“The 2022 CODiE Award finalists highlight the products and people who drove their industries forward through innovative products and leadership in these uncertain times,” said SIIA President Jeff Joseph. “These honorees continue the proud tradition of CODiE Award finalists of recognizing the most impactful products, services and leaders of their time, setting a foundation for the next generation of innovators. Congratulations to all who received this well-earned acknowledgment.”

Accolades and Gratitude

Judge feedback included statements such as, “The sheer volume of data that can be used in a district’s customized application of Munetrix is astounding!,” “The Munetrix platform, specifically the Financial Module is impressive…very easy to navigate and esthetically pleasing, and is very robust in the amount of features and functionality it can provide,” and, “Overall, the Munetrix School Enterprise Edition features some incredible opportunities for sharing and disseminating information among stakeholders at an educational institution.”

Munetrix CEO Buzz Brown said, “We’ve worked hard as a company and in collaboration with educators and administrators to make our school product as robust and intuitive as possible. This year, we made significant enhancements to the Financial Module, complementing the feature-rich Academic Module that we relaunched the year prior. This recognition of our industry peers by such a prestigious organization is most welcome, but hard-earned.”


The SIIA CODiE Awards are the industry’s only peer-recognized awards program. Finalists are determined by industry experts. CODiE Award winners will be announced during the virtual winner announcement celebrations June 8 and June 9, 2022.

Details about each finalist are listed at

About the SIIA CODiE™ Awards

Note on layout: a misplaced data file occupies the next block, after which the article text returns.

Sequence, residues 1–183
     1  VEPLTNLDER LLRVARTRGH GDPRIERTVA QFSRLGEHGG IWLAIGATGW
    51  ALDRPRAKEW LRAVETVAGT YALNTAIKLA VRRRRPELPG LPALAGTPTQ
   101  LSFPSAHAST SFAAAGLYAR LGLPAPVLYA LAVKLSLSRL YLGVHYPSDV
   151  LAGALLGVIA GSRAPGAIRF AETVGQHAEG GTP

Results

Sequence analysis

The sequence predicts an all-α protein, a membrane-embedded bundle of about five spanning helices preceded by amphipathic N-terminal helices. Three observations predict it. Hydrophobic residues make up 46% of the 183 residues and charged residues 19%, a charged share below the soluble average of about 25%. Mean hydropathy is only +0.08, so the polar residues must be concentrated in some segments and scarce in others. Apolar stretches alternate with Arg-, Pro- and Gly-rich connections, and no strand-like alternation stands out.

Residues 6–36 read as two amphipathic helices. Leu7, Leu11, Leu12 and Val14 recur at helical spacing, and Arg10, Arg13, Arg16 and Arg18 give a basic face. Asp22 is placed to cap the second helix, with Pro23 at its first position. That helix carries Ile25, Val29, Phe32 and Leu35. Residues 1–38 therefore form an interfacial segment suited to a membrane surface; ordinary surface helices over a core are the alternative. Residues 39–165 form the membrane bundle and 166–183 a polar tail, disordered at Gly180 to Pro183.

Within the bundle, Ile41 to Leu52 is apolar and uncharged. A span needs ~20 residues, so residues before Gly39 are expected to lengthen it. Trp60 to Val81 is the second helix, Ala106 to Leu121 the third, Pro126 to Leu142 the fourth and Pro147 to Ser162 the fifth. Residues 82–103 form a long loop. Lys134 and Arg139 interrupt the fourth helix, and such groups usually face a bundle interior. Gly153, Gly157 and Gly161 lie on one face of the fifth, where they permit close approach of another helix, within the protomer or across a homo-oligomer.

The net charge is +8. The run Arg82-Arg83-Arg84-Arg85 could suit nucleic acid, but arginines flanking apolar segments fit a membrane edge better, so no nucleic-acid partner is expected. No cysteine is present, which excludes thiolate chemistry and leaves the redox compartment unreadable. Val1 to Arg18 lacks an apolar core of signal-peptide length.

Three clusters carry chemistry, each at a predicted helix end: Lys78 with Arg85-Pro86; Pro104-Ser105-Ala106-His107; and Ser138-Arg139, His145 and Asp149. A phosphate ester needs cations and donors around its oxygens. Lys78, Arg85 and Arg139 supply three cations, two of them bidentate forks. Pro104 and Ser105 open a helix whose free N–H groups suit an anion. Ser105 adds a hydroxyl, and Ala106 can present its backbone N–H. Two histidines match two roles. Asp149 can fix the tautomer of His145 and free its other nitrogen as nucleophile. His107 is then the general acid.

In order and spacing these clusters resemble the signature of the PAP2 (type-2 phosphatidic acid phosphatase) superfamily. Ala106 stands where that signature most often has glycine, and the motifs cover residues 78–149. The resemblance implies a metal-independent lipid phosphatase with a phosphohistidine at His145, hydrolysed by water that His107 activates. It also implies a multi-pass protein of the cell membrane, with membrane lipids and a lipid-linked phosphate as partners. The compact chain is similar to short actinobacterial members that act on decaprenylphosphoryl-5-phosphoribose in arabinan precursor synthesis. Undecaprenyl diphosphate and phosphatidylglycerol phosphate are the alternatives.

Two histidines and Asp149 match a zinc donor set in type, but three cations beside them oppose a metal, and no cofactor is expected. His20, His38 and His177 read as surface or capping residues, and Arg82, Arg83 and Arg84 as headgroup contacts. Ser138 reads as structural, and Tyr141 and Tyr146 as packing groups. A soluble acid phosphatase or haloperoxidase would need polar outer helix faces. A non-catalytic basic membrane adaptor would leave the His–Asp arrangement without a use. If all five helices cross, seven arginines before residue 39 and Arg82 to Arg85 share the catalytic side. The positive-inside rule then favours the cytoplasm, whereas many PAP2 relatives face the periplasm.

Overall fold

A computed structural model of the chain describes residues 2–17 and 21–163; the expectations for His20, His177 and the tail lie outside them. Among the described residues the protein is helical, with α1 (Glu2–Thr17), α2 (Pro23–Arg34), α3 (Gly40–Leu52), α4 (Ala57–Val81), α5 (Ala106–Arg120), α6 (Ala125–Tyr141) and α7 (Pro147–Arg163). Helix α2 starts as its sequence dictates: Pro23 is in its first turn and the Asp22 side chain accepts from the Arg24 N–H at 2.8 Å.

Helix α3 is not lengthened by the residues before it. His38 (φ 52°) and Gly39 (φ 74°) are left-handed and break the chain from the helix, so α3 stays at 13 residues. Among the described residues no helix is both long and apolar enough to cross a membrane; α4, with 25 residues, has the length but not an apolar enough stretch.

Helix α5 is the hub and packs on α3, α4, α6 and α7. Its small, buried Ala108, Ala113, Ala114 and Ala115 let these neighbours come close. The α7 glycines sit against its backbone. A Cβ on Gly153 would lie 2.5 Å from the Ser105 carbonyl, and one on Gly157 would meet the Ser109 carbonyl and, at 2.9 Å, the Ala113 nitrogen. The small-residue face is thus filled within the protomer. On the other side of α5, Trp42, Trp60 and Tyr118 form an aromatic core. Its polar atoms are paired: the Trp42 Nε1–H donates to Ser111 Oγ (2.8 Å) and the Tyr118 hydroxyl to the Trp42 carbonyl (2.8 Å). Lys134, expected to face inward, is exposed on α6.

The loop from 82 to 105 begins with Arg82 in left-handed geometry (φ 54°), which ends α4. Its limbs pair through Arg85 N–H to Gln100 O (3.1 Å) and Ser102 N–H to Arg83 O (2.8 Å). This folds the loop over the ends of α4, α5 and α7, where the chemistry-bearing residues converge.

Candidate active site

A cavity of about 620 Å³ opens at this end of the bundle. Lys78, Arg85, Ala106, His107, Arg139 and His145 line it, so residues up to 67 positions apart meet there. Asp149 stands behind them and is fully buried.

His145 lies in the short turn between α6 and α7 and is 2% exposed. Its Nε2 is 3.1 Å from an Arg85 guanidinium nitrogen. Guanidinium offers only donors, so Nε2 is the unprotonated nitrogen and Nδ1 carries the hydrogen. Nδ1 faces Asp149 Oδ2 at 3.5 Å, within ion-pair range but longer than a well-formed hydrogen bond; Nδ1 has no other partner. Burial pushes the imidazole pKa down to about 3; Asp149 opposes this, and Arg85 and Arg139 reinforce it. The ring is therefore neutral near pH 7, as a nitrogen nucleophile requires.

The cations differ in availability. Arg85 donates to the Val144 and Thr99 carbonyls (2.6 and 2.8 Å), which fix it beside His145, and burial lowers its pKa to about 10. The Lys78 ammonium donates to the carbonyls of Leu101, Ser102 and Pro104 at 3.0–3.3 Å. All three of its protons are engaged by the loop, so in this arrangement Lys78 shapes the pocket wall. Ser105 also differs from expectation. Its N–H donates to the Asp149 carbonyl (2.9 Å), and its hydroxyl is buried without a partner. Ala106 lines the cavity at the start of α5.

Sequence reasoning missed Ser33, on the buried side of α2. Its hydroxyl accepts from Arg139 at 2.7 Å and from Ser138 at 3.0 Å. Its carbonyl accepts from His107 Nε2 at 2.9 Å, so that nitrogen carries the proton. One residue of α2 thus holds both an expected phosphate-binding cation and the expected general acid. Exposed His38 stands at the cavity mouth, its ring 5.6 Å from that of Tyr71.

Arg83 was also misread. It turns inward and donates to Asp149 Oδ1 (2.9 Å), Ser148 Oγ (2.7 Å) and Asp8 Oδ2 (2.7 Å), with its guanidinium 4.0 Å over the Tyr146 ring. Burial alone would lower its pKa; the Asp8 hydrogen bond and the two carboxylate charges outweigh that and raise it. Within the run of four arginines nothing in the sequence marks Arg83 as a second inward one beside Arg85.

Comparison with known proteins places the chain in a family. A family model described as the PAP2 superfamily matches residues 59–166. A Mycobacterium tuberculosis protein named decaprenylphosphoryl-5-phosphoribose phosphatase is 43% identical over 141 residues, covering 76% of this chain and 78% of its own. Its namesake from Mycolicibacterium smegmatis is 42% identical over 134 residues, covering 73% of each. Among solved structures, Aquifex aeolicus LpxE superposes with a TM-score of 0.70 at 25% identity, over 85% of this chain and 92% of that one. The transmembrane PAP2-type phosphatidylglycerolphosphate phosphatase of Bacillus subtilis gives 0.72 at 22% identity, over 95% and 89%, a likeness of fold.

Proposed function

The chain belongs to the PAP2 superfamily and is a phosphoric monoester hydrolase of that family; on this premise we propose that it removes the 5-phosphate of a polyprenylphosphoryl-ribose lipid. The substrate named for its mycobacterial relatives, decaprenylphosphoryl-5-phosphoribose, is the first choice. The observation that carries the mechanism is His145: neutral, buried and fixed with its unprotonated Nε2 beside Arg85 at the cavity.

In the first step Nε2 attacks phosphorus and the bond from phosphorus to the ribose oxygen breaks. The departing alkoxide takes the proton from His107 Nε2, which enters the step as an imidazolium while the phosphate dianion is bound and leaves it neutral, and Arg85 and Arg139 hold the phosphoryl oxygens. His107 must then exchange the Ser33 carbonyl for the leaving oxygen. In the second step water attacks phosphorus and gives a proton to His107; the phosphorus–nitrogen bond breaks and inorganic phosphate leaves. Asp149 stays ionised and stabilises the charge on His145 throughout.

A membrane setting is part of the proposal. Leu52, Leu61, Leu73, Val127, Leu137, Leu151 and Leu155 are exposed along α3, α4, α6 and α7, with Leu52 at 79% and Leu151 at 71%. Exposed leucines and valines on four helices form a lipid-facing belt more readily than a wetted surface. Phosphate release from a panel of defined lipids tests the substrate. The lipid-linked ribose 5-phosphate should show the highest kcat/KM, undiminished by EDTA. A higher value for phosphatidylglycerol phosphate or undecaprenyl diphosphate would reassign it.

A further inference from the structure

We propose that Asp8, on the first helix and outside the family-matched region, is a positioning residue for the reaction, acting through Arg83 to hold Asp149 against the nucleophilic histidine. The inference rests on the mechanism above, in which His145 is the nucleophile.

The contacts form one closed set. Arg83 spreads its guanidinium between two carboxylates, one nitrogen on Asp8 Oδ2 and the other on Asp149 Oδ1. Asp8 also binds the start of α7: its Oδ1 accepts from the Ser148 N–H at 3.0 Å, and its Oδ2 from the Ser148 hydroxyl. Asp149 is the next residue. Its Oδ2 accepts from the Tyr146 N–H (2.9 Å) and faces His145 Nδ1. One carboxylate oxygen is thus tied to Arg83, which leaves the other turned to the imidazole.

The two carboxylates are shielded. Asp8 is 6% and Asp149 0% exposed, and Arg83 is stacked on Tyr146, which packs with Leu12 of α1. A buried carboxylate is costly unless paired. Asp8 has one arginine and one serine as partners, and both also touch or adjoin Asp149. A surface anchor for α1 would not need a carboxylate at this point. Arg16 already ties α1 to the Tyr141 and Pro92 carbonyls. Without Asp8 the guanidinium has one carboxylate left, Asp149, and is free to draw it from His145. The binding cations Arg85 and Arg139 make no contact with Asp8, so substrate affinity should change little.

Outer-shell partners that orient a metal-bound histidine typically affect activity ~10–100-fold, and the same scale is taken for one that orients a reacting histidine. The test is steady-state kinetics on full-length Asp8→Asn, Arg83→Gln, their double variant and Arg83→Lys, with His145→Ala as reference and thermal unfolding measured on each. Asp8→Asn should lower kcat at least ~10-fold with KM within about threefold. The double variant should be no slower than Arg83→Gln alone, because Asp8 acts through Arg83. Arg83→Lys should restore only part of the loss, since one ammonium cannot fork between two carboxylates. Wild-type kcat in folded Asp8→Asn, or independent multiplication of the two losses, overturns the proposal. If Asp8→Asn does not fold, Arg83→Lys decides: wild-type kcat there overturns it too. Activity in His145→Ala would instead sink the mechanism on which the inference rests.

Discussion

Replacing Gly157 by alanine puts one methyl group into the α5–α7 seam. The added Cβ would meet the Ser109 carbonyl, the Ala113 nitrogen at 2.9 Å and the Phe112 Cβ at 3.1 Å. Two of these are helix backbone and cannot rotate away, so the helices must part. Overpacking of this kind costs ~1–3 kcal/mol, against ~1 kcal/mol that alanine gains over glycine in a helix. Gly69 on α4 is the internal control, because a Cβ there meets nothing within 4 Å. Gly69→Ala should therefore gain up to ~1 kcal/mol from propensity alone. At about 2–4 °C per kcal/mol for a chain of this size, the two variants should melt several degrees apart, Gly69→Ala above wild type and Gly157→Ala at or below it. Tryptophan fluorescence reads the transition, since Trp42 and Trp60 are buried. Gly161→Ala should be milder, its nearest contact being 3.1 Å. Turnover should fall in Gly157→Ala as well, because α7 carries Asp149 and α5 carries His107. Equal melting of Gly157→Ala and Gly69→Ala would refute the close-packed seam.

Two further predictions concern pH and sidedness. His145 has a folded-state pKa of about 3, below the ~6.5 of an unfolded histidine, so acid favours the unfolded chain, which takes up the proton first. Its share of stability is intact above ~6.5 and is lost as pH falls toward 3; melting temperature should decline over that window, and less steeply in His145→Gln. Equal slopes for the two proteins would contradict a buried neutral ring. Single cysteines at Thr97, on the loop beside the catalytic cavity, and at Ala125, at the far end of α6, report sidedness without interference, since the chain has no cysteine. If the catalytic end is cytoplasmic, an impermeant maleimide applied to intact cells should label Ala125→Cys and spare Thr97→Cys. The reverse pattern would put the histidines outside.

The SIIA CODiE Awards is the only peer-reviewed program to showcase business and education technology’s finest products and services. Since 1986, thousands of products, services and solutions have been recognized for achieving excellence. For more information, visit

About Software and Information Industry Association (SIIA)

SIIA is the only professional organization connecting more than 450 data, financial information, education technology, specialized content and publishing companies. Our diverse members provide the critical data, content, and information that drives the global economy, informs financial networks, connects learners and educators, and drives innovation. Learn more at

Education, K-12, News

Cities & Schools Reach Crisis Point Due to States’ Low Economic Reserves

A recent article in the Wall Street Journal (Many States Are Unprepared for Next Economic Downturn) caught my attention because it highlighted a key factor adding to the fiscal stress of municipalities and schools.  The article suggested that most states are unprepared for an inevitable economic downturn as they lack the necessary fiscal reserves or rainy-day funds to cushion the next financial blow, and, it’s already having a negative trickle-down effect.